Except their excuse is rank hypocrisy.

Exhibit A:

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Maybe their policy is more recent than 2010…but they did say longstanding policy…is 5 years longstanding when the Herald has been publishing since 1863. I should have thought that 5 years in a history of 152 year was but a blip, certainly not longstanding.   Read more »

Comment of the Day

From a commenter yesterday:

I sent the NZH some feedback as soon as I came across their article…

“To the New Zealand Herald. Your decision not to show the latest Charlie Hebdo cover while simultaneously using the headline “Defiant Charlie’s New Cover” is loathsome.

I note you have since changed the headline and removed the text where you state that you made this decision voluntarily, but the fact remains – you have withheld what will undoubtedly become a satirical statement of historical significance, and in doing so you contradict every facet of the right to immutable freedom of speech upon which you rely for your journalistic license.

Shame on your editorial decision.

Unlike Charlie Hebdo you cede your raison d’être to terrorist criminals and betray one of the most important societal influences that you should be upholding.

Demonstrating to society that freedom of speech can be successfully withheld from its participants via disgusting acts of violence is despicable.”

Well said.

Fairfax, TVNZ and TV3 all showed the cover.

The NZ Herald should rename themselves The Dhimmi Herald.

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Cowards attack German newspaper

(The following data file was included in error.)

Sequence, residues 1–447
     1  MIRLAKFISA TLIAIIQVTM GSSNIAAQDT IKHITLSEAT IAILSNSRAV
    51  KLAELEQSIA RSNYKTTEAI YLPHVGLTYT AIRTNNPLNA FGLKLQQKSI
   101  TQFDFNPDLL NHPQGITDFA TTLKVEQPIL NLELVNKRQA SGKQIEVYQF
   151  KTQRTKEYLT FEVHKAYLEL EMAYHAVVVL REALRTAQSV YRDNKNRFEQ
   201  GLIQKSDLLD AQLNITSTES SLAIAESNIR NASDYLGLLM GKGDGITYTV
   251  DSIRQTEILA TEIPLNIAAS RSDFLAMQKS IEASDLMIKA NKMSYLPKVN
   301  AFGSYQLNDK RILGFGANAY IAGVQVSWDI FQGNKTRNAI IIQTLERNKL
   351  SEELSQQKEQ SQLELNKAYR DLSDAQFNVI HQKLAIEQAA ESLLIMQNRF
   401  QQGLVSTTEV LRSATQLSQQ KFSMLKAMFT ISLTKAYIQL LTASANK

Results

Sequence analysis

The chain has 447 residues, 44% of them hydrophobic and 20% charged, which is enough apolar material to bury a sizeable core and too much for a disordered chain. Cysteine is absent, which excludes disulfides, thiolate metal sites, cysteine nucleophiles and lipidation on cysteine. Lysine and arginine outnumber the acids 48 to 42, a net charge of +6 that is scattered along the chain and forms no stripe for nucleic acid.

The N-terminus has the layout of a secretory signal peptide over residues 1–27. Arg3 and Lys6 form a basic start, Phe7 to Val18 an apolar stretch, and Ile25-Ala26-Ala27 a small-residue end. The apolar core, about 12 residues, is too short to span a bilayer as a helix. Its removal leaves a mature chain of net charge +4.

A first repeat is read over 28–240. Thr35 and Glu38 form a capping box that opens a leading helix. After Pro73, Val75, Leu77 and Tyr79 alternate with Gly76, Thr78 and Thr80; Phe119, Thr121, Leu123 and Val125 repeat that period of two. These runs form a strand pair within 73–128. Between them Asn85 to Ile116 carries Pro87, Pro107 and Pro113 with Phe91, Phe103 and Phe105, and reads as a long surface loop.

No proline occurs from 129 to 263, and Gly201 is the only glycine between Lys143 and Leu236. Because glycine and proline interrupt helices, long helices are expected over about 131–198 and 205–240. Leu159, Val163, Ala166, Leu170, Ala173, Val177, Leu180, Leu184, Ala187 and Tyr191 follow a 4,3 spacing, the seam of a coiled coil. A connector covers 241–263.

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It is a civil war between an ideology and their freedom loving neighbours.

A German newspaper in the northern port city of Hamburg that reprinted caricatures of Prophet Muhammad from the French satirical magazine Charlie Hebdo was the target of an arson attack, according to police.

The regional tabloid daily, the Hamburger Morgenpost, was attacked on Sunday after it had splashed three Charlie Hebdo cartoons on its front page after the massacre at the Paris publication, running the headline “This much freedom must be possible!”

“Rocks and then a burning object were thrown through the window,” a police spokesman told AFP news agency. “Two rooms on lower floors were damaged but the fire was put out quickly”. Read more »

#JeSuisCharlie – Cartoons that ‘offend’

Freedom of speech and expression is important, terrorists cannot be allowed to win through intimidation and bullying.

They especially can’t be allowed to win over silly drawings.

12 people were killed in the terror attack in Paris on the offices of Charlie Hebdo, a French satirical newspaper, including the editor Stephane “Charb” Charbonnier.

Violence must not silence the media…or anyone else for that matter.

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KILLED: Charlie Hebdo Editor Stephane Charbonnier